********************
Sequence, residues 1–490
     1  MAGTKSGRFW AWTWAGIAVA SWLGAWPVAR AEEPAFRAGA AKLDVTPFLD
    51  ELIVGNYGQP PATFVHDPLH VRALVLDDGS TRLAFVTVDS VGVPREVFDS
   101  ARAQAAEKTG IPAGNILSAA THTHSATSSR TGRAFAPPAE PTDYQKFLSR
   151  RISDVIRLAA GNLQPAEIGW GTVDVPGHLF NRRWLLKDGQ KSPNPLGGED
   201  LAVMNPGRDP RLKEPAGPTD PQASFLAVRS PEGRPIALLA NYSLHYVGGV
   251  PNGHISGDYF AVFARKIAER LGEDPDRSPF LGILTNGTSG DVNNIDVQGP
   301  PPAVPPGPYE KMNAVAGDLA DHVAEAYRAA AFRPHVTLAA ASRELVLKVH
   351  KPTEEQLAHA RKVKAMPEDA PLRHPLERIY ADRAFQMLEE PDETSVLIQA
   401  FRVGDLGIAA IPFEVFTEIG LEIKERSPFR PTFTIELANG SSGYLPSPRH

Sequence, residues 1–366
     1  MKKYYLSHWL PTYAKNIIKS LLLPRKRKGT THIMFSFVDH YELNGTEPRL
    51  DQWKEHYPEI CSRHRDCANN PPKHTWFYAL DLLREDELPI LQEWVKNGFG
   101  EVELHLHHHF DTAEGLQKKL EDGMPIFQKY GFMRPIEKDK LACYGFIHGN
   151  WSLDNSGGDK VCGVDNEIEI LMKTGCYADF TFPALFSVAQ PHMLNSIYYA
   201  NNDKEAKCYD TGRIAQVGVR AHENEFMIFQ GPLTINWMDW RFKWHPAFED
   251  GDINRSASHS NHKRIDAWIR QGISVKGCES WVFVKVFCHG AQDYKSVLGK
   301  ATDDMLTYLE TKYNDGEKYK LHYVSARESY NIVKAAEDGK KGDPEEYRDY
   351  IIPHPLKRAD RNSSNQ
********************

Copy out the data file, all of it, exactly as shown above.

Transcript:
Sequence, residues 1–490
     1  MAGTKSGRFW AWTWAGIAVA SWLGAWPVAR AEEPAFRAGA AKLDVTPFLD
    51  ELIVGNYGQP PATFVHDPLH VRALVLDDGS TRLAFVTVDS VGVPREVFDS
   101  ARAQAAEKTG IPAGNILSAA THTHSATSSR TGRAFAPPAE PTDYQKFLSR
   151  RISDVIRLAA GNLQPAEIGW GTVDVPGHLF NRRWLLKDGQ KSPNPLGGED
   201  LAVMNPGRDP RLKEPAGPTD PQASFLAVRS PEGRPIALLA NYSLHYVGGV
   251  PNGHISGDYF AVFARKIAER LGEDPDRSPF LGILTNGTSG DVNNIDVQGP
   301  PPAVPPGPYE KMNAVAGDLA DHVAEAYRAA AFRPHVTLAA ASRELVLKVH
   351  KPTEEQLAHA RKVKAMPEDA PLRHPLERIY ADRAFQMLEE PDETSVLIQA
   401  FRVGDLGIAA IPFEVFTEIG LEIKERSPFR PTFTIELANG SSGYLPSPRH

Sequence, residues 1–366
     1  MKKYYLSHWL PTYAKNIIKS LLLPRKRKGT THIMFSFVDH YELNGTEPRL
    51  DQWKEHYPEI CSRHRDCANN PPKHTWFYAL DLLREDELPI LQEWVKNGFG
   101  EVELHLHHHF DTAEGLQKKL EDGMPIFQKY GFMRPIEKDK LACYGFIHGN
   151  WSLDNSGGDK VCGVDNEIEI LMKTGCYADF TFPALFSVAQ PHMLNSIYYA
   201  NNDKEAKCYD TGRIAQVGVR AHENEFMIFQ GPLTINWMDW RFKWHPAFED
   251  GDINRSASHS NHKRIDAWIR QGISVKGCES WVFVKVFCHG AQDYKSVLGK
   301  ATDDMLTYLE TKYNDGEKYK LHYVSARESY NIVKAAEDGK KGDPEEYRDY
   351  IIPHPLKRAD RNSSNQ